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Philips connects COPD patients at home
- November 9, 2020
- Steve Rogerson
Philips has expanded its home care portfolio for COPD patients with a non-invasive ventilator that uses the Dutch firm’s connected platform to streamline diagnostic work through integration with its Alice sleep lab and home diagnostic systems.
The connected BiPAP A40 EFL ventilator is said to be the first to help healthcare professionals screen, detect and abolish expiratory flow limitation to reduce work of breathing in COPD patients with abnormally elevated blood carbon dioxide level.
With the introduction of this non-invasive ventilator, Philips has extended its homecare offering with a ventilation therapy feature for chronic obstructive pulmonary disease (COPD) patients to breathe easier. Now, pulmonologists can identify COPD patients with expiratory flow limitation (EFL) and treat them with targeted therapy to reduce symptoms and increase their comfort while sleeping. The ventilator continuously and optimally adjusts pressure based on patient needs.
Health care professionals can automatically screen for and detect EFL, then provide homecare therapy to abolish EFL dynamically and automatically. This helps reduce the patient’s work of breathing.
Built with Philips proprietary and clinically validated ExpiraFlow technology, BiPAP A40 EFL is designed to connect across the care pathway from diagnostic work to point-of-care therapy to enable informed clinical decisions and optimise ventilation therapy, even remotely.
More than half of COPD patients experience EFL – limited exhalation of breath from the lungs – which occurs in the lower airways when patients are breathing quietly. EFL causes hyperinflation, or breathing at increased lung volumes. COPD patients with EFL are more likely to be hospitalised more often and have increased mortality rates, however EFL is difficult to detect and often undertreated, despite its prevalence.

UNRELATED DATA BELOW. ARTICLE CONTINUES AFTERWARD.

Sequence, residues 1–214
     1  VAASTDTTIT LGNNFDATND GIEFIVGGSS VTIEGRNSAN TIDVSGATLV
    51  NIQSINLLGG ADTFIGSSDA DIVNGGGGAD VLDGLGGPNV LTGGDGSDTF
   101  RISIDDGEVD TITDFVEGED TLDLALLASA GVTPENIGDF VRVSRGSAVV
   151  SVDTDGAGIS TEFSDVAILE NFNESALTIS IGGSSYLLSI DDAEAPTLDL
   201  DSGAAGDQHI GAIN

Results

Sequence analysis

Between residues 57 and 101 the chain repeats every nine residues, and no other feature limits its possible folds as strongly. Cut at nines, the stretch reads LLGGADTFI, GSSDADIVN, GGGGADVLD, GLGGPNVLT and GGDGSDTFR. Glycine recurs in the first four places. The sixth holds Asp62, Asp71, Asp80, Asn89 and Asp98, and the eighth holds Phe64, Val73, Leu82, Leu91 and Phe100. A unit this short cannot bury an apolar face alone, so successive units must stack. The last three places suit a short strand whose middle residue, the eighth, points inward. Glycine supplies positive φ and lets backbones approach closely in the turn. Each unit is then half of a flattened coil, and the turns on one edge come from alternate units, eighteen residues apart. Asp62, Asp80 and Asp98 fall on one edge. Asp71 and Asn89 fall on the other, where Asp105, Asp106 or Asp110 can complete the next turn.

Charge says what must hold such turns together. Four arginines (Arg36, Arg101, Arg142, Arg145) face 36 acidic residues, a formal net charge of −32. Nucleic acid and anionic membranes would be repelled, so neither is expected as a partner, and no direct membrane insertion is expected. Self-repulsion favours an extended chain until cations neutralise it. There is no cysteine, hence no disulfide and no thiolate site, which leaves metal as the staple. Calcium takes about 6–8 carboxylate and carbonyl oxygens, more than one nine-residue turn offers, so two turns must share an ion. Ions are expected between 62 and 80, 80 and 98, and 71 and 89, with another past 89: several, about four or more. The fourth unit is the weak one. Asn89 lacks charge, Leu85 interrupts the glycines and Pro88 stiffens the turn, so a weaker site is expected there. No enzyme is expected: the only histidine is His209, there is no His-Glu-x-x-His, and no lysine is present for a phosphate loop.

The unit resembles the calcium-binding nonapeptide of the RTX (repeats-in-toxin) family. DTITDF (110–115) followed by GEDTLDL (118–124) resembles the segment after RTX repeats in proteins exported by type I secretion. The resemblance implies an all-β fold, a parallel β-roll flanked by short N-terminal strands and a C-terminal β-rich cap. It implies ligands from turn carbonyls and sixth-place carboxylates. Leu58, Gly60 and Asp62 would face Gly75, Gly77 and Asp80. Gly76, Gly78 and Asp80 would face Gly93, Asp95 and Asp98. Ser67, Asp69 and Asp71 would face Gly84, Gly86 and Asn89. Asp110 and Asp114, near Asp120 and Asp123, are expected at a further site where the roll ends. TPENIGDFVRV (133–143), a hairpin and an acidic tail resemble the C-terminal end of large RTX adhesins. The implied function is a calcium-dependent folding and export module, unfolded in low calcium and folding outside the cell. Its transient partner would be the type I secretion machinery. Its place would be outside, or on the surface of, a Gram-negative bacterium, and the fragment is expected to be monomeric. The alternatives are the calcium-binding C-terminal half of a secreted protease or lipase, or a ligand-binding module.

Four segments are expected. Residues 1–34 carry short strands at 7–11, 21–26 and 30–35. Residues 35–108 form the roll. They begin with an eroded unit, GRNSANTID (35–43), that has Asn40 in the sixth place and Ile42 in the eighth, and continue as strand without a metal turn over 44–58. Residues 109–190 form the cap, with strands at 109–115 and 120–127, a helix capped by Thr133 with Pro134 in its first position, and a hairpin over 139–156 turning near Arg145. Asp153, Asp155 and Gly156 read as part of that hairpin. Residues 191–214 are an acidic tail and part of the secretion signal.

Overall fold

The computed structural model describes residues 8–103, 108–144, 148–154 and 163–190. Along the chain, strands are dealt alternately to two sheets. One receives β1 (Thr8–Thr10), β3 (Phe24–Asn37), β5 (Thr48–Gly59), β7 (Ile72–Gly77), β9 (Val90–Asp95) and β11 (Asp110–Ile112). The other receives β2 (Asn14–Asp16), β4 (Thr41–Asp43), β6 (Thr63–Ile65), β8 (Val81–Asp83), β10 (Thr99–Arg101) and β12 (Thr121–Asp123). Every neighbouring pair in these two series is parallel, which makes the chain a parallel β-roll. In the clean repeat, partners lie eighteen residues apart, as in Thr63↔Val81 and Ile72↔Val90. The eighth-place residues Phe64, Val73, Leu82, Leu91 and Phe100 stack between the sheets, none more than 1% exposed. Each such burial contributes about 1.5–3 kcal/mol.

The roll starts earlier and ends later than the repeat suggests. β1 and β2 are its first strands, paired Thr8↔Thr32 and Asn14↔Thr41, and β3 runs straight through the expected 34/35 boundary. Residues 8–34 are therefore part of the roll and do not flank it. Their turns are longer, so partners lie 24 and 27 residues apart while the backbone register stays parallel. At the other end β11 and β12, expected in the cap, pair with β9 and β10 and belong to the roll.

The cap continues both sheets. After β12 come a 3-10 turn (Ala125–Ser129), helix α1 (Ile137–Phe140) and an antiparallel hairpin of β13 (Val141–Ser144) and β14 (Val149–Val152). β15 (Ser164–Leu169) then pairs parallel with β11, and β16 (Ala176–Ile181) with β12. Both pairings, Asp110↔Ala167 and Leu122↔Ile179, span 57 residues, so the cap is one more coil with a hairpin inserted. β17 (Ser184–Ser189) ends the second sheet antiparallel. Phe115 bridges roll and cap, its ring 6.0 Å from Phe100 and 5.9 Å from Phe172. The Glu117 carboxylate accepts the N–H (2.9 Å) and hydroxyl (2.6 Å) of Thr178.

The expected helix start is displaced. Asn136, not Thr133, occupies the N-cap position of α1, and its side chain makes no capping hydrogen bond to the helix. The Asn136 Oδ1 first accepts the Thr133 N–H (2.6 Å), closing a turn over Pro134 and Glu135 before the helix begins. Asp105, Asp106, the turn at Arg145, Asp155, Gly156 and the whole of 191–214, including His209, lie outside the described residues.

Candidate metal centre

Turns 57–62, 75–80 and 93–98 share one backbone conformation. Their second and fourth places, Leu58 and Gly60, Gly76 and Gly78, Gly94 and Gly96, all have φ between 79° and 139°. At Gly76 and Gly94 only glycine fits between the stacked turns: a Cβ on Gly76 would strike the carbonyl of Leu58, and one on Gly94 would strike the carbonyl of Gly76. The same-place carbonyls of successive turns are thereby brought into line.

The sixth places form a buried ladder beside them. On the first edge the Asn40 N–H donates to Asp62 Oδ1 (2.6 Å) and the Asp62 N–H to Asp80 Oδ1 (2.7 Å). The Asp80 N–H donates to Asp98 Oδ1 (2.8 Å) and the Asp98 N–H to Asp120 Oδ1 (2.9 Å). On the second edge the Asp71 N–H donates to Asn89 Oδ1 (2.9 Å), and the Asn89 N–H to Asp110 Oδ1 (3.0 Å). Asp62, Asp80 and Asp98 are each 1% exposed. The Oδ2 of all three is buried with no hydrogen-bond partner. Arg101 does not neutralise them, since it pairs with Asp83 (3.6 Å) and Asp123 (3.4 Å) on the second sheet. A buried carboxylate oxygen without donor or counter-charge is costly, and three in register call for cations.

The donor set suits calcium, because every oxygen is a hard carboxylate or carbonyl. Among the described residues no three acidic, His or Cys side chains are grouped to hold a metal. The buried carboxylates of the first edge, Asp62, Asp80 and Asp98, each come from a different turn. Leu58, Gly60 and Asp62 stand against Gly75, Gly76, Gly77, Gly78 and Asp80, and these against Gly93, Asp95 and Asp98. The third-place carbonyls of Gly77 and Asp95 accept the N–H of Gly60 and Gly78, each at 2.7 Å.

The ExpiraFlow technology automatically detects EFL more accurately than alternate methods to enable more effective treatment of patient in the home and help avoid hospital readmissions.
“ExpiraFlow technology represents a shift in the paradigm of ventilator COPD management towards more personalised therapy, which automatically optimises ventilation to the individual needs of the patient,” said Peter Calverley, professor of respiratory medicine at the University of Liverpool. “By monitoring the presence of EFL on a breath-by-breath basis, the A40 EFL system can automatically adjust therapy pressures to ensure efficient lung emptying and better gas exchange. This new focus allows us to consider individual differences in lung mechanics and gas exchange when managing complex respiratory patients.”
Clinicians can now detect EFL in hypercapnic COPD patients at the point of care, ensure personalised patient treatment at home and monitor care remotely.
“EFL often goes undetected, meaning patients don’t receive the care they need to improve their disease,” said Eli Diacopoulos, respiratory care business leader at Philips. “At Philips, we’re committed to identifying these gaps and meeting the challenges that COPD patients face every day. BiPAP A40 EFL aims to revolutionise COPD care.”
The BiPAP A40 EFL leverages Philips connected platform to streamline diagnostic work through integration to Philips Alice sleep lab and home diagnostic systems. When prescribed and used in the home, it connects to the firm’s Care Orchestrator cloud-based care management system. By making it easier to analyse and share information, this connectivity enables providers to make faster, more informed clinical decisions, and identify and prioritise patients who are in need of therapy intervention to manage chronic respiratory patient care from hospital to home.
The product is CE marked and initially available for sale in selected countries in Europe, with expansion to additional European markets expected in 2021. This is not yet available in the USA.